The seats on the X120D are superb – so so comfortable, firm yet somehow soft as well. I can imagine long trips would not be uncomfortable in the slightest.

The X120D comes with the Parking Assistant feature, which allows the driver to go ‘hands off’ when parallel parking. I can see this becoming a much more common feature in lower spec cars, and the ladies (yes, I’m going there) I showed the Parking Assistant to almost wet themselves with joy on seeing it work.

However, it was not all roses with my testing. At one point, the X120D did its thing, reversing into a tight spot, but it did end up grazing the rims against the kerb when reversing in. The damage wasn’t bad, but it was a little alarming and definitely unexpected. We reached out to BMW New Zealand about this, as we wanted to find out what had happened and hopefully highlight this so other drivers may not be caught out by surprise. BMW indicated that the system is a ‘parking assist’ one and that there is still a human factor involved. They mentioned the reason the car may have touched with the curb could have been due to the cars parked around it, as the car uses the sensors to judge where it will be positioned in the spot you have selected.

I enlisted the help of fellow journalist John for curbing watching duties, as we did not want to risk any more damage. We tested this feature multiple times again, and each time it came within 3 – 5 inches of the curb, but never touched. Our conclusion is that you need to be mindful of the width of the car, and also the speed you allow the car move into the spot, as the slower you go during the final stages, allows the car more time to turn the wheel and avoid any incidents. Just something to be aware of.


Average fuel consumption by BMW is claimed at stunning 5.0 L/100km and incredibly I managed 6.8 – this is the first time I’ve even been close to a manufacturer’s claimed combined rating. Normally it’s around 40%-50% off the mark. With the performance at hand (that you do end up using daily), this is an excellent result.

What it’s up against

Brand / Model Engine Power, Kw Torque, Nm Drivetrain Fuel L/100km 0-100km/h Price Highest to Lowest
Jeep Grand Cherokee 3.0-litre, 6-cylinder turbo diesel 184 570 4WD 7.5 8.2 $91,990
Mercedes-Benz GLC220 2.2 litre, 4 cylinder turbo diesel 125 400 AWD 5.6 8.3 $89,900
Audi Q3 TDI S Line 2.0 litre, 4 cylinder turbo diesel 130 380 AWD 5.9 8.2 $79,500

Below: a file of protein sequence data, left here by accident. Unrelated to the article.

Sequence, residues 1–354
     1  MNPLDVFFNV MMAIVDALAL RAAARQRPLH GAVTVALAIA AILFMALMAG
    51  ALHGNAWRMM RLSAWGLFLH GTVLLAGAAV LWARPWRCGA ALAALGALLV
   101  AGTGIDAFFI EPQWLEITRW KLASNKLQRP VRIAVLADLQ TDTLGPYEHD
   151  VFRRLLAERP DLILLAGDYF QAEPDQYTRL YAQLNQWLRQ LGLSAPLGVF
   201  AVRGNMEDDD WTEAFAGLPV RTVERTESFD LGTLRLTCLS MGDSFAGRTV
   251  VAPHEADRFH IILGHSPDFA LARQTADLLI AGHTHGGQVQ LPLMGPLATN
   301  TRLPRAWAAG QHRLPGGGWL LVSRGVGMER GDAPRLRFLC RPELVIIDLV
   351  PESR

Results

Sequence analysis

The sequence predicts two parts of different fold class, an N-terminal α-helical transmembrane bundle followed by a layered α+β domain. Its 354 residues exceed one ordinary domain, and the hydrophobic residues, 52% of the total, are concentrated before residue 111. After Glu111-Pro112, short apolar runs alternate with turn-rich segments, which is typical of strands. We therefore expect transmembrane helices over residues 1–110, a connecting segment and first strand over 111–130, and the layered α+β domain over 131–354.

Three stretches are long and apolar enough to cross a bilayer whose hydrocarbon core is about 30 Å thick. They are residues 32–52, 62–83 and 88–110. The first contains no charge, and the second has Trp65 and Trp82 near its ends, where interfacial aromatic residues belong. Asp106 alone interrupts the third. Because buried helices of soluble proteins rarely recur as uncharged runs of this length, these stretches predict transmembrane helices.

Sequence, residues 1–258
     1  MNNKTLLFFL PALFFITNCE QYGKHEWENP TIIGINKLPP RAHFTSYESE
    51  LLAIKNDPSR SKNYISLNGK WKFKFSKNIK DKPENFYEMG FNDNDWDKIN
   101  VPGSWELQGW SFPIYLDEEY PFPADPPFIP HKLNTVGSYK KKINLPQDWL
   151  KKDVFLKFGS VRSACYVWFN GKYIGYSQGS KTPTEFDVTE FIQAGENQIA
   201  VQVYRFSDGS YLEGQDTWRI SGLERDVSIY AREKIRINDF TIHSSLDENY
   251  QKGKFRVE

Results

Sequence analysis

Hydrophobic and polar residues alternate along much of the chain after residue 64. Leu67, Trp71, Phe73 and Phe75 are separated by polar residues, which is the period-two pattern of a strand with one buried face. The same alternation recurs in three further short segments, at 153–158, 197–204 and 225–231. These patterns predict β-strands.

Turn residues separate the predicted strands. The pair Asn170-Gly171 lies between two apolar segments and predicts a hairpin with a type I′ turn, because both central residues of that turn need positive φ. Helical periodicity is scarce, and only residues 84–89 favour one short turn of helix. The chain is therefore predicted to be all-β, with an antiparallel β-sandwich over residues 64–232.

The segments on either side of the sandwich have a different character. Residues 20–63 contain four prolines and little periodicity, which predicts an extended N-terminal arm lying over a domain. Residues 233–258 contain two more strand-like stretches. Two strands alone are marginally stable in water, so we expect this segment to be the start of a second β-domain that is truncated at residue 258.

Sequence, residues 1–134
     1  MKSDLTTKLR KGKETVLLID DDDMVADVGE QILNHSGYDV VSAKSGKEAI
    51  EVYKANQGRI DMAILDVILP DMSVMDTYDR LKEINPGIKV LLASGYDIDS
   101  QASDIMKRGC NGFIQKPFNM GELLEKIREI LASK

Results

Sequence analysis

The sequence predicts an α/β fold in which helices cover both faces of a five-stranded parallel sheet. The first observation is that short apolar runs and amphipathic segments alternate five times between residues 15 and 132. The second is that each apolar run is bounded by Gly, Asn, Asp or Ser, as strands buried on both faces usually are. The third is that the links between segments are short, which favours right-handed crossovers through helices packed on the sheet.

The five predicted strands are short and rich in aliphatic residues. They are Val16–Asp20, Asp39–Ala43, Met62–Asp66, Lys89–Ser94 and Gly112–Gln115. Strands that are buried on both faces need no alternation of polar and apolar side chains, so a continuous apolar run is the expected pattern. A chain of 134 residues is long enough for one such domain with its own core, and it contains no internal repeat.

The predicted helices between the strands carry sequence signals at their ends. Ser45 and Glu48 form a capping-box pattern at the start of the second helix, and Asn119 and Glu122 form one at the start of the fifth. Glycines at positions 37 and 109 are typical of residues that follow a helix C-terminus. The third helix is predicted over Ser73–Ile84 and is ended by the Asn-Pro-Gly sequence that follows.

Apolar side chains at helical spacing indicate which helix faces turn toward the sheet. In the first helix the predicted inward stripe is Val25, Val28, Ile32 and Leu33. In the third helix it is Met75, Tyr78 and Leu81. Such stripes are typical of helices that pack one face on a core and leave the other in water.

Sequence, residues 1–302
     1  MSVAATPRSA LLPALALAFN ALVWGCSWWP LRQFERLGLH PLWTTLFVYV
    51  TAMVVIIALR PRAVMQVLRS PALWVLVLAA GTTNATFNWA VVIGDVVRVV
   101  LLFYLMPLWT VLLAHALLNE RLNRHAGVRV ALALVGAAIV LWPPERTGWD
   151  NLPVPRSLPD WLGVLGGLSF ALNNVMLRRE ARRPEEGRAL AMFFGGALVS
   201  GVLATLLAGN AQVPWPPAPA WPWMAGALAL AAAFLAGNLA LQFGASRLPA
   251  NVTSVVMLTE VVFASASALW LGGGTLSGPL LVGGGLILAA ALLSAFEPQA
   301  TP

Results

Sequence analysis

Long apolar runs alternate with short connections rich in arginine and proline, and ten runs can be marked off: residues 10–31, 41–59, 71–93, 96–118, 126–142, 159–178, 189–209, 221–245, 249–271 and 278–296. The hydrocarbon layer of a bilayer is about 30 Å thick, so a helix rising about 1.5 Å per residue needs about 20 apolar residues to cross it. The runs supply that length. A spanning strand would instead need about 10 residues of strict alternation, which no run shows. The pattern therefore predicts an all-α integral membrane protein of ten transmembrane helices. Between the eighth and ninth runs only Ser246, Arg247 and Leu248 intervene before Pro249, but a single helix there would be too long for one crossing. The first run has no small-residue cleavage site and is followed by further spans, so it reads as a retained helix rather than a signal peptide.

BMW X1 120D 2.0 litre, 4 cylinder twin-turbo diesel 140 400 AWD 5.0 7.6 $76,500
Volkwagen Tiguan 2.0 litre, 4 cylinder turbo diesel 103 320 AWD 6.3 10.2 $56,590

The good and the bad.

Pros Cons
  • Engine
  • Transmission
  • Amazing torque
  • Performance
  • Fuel consumption
  • Solid and well built
  • Handling/grip
  • Seats
  • Styling
  • Parking assist did not go well for me
  • Road noise at times
  • Steering wheel audio controls
  • AC struggles at times
  • Central display looks tacked on

What do we think?

You may think from reading this review that I found lots wrong with the X1. It wasn’t so much things were wrong, some of it was personal preference and well yes other things just didn’t work for me.

In saying that, I simply loved my week with the X1. Fantastic handling and grip, incredible twin-turbo engine, excellent 8-speed auto and a great looker to boot.

The new, second generation X1 is a worthy 4-Chevron winner.





Read more about the X1 on BMW New Zealand’s website, here.

Vehicle Type Small SUV
Starting Price $65,500 + On road costs
Tested Price $76,500 + On road costs
Engine Diesel, 2.0 litre 4 cylinder, two twin-scroll turbochargers, Valvetronic and Double VANOS.
Transmission 8-speed Automatic transmission with 3 modes.
0 – 100 kph 7.6
Kerb Weight 1550kg
Length x Width x Height, mm 4439x1821x1598
Cargo Capacity 505-1550
Fuel Tank 61 litres
Towing Capacity Braked – 2000kg

Unbraked – 750kg

ANCAP Safety Ratings 5 stars
Warranty 5-year warranty with 5-years roadside assistance


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Fred Alvrez
How on earth to start this? I've been car/bike/truck crazy since I was a teen. Like John, I had the obligatory Countach poster on the wall. I guess I'm more officially into classic and muscle cars than anything else - I currently have a '65 Sunbeam Tiger that left the factory the same day as I left the hospital as a newborn with my mother. How could I not buy that car? In 2016 my wife and I drove across the USA in a brand-new Dodge Challenger, and then shipped it home. You can read more on We did this again in 2019 in a 1990 Chev Corvette - you can read about that trip on DriveLife. I'm a driving instructor and an Observer for the Institute of Advanced Motorists - trying to do my bit to make our roads safer.